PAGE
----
Baby boomers, inadequate retirement funding, and issues within the traditional mortgage market created a market that’s currently infatuated with the securing of reverse mortgage products to senior citizen homeowners.

To show just how popular these loans are, Federally-insured Home Equity Conversion Mortgages (HECMs) are the predominant type of reverse mortgage in the U.S and have doubled in origination since 2005. Even more telling is that about two-thirds of the total HECM reverse mortgages ever issued have originated in the last two years.

Reverse mortgages are only available to homeowners age 62 and older who have paid off their mortgage or have only a small mortgage balance remaining. The sales pitch for these loans is enticing: tax-free retirement income for as long as you own the home – even for life; no monthly loan payments; no repayments until the home is sold, and payment options flexible enough to meet any need. In many cases a reverse mortgage look like the ideal tool for senior homeowners.

Though such luxurious benefits don’t come without a few drawbacks. Up front closing costs can sometimes climb to $20,000 or more. Combine this with the regular interest that accrues on the loan balance and second mortgages begin to look much less appealing. To spread these costs out and make the cost of borrowing reasonable it is imperative that the borrower be confident in their ability to remain in the home for at least 5-7. Government data shows that most HECMs are paid off in seven years or less.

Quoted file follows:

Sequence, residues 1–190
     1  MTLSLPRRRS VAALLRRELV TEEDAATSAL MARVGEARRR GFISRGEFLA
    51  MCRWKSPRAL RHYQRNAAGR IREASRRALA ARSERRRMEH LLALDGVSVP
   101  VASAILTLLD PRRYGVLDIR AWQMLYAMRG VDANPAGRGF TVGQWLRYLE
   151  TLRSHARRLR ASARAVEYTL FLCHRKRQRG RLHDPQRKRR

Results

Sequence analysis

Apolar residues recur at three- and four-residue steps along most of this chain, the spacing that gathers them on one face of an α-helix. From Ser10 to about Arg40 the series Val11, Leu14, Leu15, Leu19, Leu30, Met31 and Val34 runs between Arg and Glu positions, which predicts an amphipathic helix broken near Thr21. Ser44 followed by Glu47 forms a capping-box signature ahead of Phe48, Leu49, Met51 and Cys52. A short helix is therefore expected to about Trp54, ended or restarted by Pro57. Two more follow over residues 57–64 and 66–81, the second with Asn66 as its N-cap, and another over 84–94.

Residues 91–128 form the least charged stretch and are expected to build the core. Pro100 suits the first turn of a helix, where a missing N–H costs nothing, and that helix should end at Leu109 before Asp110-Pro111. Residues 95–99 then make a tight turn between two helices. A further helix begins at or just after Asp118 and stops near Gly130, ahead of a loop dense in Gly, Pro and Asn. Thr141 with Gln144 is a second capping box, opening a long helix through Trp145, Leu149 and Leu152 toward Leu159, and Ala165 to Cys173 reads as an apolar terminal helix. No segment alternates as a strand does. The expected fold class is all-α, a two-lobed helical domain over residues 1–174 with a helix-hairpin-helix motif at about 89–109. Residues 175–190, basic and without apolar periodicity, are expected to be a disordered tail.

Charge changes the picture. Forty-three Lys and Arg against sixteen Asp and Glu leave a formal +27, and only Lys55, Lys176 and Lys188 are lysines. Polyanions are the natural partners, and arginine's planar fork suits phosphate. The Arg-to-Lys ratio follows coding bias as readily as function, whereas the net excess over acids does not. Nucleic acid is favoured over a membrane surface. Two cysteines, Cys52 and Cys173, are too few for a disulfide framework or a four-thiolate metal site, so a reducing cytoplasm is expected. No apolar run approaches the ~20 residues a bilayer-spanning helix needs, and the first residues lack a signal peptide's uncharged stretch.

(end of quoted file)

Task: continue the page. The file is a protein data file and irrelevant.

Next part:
Despite the cons of a second mortgage, it still appeals to many senior citizens. But before pursuing such a loan, consider the alternatives to a second mortgage. 

  1. Intra-Family Loan

In such a loan, a friend, relative, or acquaintance with deep pockets takes the place of the bank. 

Instead of a bank lending you retirement funds in exchange for a lien on the house, structure an arrangement with a relative or friend to lend you the money instead – collateralized with your 

home, of course. In this way you can avoid most of the up front costs and have more flexibility to set interest rates and loan terms. 

  1. Price Appreciation Agreement 

Certain firms will give you money today in exchange for an “equity-share” in the future appreciation of your home’s value. These programs are usually aimed at higher value homes (over $500,000) and may only be available in areas of the country with a record of property value growth. The chief benefit of this programs is that you may be able to tap into your equity without the high upfront costs associated with a reverse mortgage. The drawback is that it could cost you substantially more in the long run in the form of foregone home appreciation.